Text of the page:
Vital signs

Paradox thrives at the landfill.

Black-eyed Susans and daisies spatter its grassy banks with bursts of white and yellow. Vultures soar far above its mountainous heaps of household garbage, rubble and dirt. And when you ascend the gravel road toward those ignoble promontories, you’re rewarded, at the top of the first hill, with a majestic view of distant mountains to the west (the kind folks pay a good bit of money for in a home site).

But then you reach the top of the heap and scamper out to unload.

“It stinks!” my 10-year-old niece exclaimed one sunny summer day. I’d warned her that she’d be working a bit during her weeklong visit to the mountains, but the landfill excursion didn’t seem to inspire the same enthusiasm as a jaunt to McDonald’s or the Nature Center. In the business I’ve landed in this past year, however — floor installations — you have to make several landfill treks a month, carting off ragged carpet, broken tiles, scraps of vinyl, assorted chunks of hardwood flooring, and the odd toilet or cast-iron tub.

I told my niece that the landfill is one of those integral parts of our society that most folks never think about; seeing what actually happens to all our garbage, I observed, might change her world view.

So much for that theory: Once she got over the stench, Autumn amused herself by tossing the tile scraps against one another so they shattered as she threw them over the tailgate (a great outlet for all that preteen angst).

On another trip, one of our Masterpiece Flooring employees, 19-year-old Josh Smith, got his own rush simply by trying to power us out of the place. After all this rain, the top of the landfill is a mud trap. Some days, the attendant who weighs your load will ask, “Do you have four-wheel drive?” No, I’ll say. Then they’ll direct us to the big, green bins up by the front gate. “You won’t make it up there,” they’ll warn.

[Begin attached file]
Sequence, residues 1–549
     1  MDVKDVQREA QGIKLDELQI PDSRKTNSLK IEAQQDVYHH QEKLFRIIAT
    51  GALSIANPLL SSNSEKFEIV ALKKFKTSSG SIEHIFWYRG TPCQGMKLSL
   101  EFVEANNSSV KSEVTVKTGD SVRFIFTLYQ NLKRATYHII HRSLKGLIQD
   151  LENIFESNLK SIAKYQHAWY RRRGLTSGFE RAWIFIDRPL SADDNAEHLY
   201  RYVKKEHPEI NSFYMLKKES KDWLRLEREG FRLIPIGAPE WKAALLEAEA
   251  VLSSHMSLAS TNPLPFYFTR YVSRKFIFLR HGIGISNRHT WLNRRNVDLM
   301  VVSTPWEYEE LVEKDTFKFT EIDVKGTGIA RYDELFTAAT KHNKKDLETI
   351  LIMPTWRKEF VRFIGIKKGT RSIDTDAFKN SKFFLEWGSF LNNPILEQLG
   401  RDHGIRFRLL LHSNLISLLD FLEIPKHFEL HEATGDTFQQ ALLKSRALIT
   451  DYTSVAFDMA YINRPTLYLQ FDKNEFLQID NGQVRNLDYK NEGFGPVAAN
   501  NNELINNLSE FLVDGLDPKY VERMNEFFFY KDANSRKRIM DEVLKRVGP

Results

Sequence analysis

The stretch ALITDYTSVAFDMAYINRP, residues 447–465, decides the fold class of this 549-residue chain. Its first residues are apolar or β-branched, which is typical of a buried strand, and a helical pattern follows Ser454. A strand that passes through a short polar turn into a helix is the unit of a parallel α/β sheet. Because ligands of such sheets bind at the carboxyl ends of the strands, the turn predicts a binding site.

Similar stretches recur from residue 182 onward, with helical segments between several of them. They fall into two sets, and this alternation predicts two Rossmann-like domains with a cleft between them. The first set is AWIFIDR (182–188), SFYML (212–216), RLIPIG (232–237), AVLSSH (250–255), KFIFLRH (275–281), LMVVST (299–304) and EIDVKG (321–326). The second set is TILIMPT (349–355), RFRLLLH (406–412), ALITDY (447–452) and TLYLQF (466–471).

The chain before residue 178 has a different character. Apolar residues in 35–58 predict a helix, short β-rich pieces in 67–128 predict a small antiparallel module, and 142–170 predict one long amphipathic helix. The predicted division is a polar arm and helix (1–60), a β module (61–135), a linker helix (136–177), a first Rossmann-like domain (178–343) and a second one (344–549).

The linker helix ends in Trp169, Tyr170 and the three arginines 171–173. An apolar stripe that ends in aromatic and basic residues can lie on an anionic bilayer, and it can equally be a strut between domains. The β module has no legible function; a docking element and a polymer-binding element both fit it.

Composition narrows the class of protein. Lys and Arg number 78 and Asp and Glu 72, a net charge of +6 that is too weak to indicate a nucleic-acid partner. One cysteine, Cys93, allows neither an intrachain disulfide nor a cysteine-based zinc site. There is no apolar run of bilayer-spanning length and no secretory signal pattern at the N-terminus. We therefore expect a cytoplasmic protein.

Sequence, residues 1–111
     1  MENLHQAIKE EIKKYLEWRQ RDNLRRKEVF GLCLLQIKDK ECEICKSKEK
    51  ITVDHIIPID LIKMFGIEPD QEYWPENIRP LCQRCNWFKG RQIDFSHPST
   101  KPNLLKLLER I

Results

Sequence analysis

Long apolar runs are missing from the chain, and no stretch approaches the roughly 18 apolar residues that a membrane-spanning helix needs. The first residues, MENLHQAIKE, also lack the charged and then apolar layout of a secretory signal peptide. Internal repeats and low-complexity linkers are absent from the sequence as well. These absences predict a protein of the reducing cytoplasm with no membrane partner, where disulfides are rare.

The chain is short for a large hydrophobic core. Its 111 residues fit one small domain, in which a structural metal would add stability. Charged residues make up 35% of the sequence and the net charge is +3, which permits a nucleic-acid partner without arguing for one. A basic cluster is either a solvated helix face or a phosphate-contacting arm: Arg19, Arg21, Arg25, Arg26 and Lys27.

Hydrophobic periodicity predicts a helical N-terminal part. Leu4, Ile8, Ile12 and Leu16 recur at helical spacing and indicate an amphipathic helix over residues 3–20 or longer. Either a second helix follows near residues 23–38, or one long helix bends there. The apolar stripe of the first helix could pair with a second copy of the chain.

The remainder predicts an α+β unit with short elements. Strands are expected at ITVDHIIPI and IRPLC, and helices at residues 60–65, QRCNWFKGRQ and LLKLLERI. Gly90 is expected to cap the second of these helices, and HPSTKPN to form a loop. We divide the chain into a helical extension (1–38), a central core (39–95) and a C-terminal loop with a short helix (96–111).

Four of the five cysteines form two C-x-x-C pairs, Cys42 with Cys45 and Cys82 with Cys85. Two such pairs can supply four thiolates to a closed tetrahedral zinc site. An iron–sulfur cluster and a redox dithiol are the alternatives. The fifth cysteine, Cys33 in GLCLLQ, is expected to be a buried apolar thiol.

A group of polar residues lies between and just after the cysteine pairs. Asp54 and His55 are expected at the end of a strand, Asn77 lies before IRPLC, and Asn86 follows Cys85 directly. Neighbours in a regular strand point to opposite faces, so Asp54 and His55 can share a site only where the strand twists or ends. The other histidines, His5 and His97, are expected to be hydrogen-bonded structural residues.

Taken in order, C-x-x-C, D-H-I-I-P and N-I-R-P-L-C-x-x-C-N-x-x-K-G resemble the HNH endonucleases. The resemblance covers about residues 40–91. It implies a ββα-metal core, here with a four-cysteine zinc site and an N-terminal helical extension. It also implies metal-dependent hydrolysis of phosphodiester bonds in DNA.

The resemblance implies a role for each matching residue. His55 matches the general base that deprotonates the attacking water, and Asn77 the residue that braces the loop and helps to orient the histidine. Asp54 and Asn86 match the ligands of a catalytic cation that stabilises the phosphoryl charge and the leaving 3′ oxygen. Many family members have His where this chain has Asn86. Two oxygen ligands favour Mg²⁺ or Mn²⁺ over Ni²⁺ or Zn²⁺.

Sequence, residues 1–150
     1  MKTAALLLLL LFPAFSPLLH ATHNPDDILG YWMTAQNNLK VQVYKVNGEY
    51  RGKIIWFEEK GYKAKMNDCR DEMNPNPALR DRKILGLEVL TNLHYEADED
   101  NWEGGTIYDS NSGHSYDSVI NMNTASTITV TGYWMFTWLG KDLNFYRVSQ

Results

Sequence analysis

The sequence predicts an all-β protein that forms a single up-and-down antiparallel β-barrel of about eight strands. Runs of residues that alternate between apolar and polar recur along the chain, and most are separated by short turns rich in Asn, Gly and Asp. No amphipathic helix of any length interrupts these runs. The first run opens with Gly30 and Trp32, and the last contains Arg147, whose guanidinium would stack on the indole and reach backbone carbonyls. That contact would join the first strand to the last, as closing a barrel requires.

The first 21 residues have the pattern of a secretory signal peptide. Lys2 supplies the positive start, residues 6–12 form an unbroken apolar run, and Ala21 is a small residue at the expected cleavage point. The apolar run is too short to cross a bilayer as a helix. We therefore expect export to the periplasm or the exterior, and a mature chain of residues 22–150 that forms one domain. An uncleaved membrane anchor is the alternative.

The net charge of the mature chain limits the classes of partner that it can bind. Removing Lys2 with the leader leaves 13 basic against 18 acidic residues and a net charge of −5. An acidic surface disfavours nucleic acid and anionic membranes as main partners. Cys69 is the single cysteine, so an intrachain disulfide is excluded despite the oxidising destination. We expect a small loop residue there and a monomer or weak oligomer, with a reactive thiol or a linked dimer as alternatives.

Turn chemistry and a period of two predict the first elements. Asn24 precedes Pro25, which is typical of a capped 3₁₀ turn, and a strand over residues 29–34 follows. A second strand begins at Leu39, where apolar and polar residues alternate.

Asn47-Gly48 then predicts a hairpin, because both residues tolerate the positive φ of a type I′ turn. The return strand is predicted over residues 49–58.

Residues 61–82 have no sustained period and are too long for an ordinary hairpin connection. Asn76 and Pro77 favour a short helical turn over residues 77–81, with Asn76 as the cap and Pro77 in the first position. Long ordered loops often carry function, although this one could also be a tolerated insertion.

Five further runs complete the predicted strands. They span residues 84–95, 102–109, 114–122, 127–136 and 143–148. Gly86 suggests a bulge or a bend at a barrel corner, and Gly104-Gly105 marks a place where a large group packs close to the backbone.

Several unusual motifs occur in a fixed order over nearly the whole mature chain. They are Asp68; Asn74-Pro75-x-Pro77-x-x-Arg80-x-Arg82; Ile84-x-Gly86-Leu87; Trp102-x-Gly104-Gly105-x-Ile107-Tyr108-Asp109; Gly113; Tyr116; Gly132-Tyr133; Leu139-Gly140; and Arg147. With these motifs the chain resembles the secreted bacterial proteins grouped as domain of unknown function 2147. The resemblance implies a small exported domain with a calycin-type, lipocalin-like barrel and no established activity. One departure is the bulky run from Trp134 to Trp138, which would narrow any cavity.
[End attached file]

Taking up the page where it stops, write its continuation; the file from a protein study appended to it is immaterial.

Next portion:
On this day, however, they waved us on up, though we had our doubts. Josh was driving (I have neither patience nor skill when it comes to backing up the trailer). What with a cast-iron tub and other construction debris, we were so loaded down that the trailer’s rear end barely cleared the mud ruts. For that matter, my boss’ Dodge Dakota barely cleared the ridges in between the ruts — hunks of exhaust pipe, boards, part of a playpen … all these things and more clunked and banged and scraped against the truck’s underbed. At every menacing sound, we grimaced but pushed on. And as we tried to back the trailer across the ruts, a fellow in an old white pickup got royally stuck. The ever-helpful ‘dozer operator came to his rescue, pushing him along with the scraper end of his monster machine.

We both noted there’d be hell to pay if our boss’ shiny blue 1998 supercab V6 Dakota ever needed such assistance. So Josh put her in reverse and gunned it.

That proved to be the easy part. But after tossing our load, we tried to make our exit. A dump truck was stuck in a row of ruts recalling the mighty heaps that snowplows leave after a blizzard. A bulldozer and a long line of folks driving everything from pickups to garbage trucks to 18-wheelers were trying to make their way around the beached vehicle. It was rush hour at the landfill, and between us and the stuck truck, the ground was scored with garbage-speckled ruts at least a foot deep. Josh had a thought: He scrambled back and strapped the cast-iron tub more securely in the trailer (tubs and things have a special, separate resting place at the landfill, and happily, we’d saved that task for last).

Then he jumped back in and said, “Hang onto your ass.”

Josh gunned the Dakota, and we bounced across the ruts like a tiny boat cresting hurricane waves. The trailer, too, heaved and bucked. But we made it to the gravel, peered fearfully back … and the tub was still with us.

A scraggly-bearded guy in a pickup rewarded our effort with a big, almost toothless grin.

After that, we settled in for the long, scenic drive back home, winding down River Road with the sun in the trees and some kayakers sporting on the water. It was sweet. But even in our triumph, we knew: Like everybody else, we’d be back.

About Margaret Williams
Editor Margaret Williams first wrote for Xpress in 1994. An Alabama native, she has lived in Western North Carolina since 1987 and completed her Masters of Liberal Arts & Sciences from UNC-Asheville in 2016. Follow me @mvwilliams

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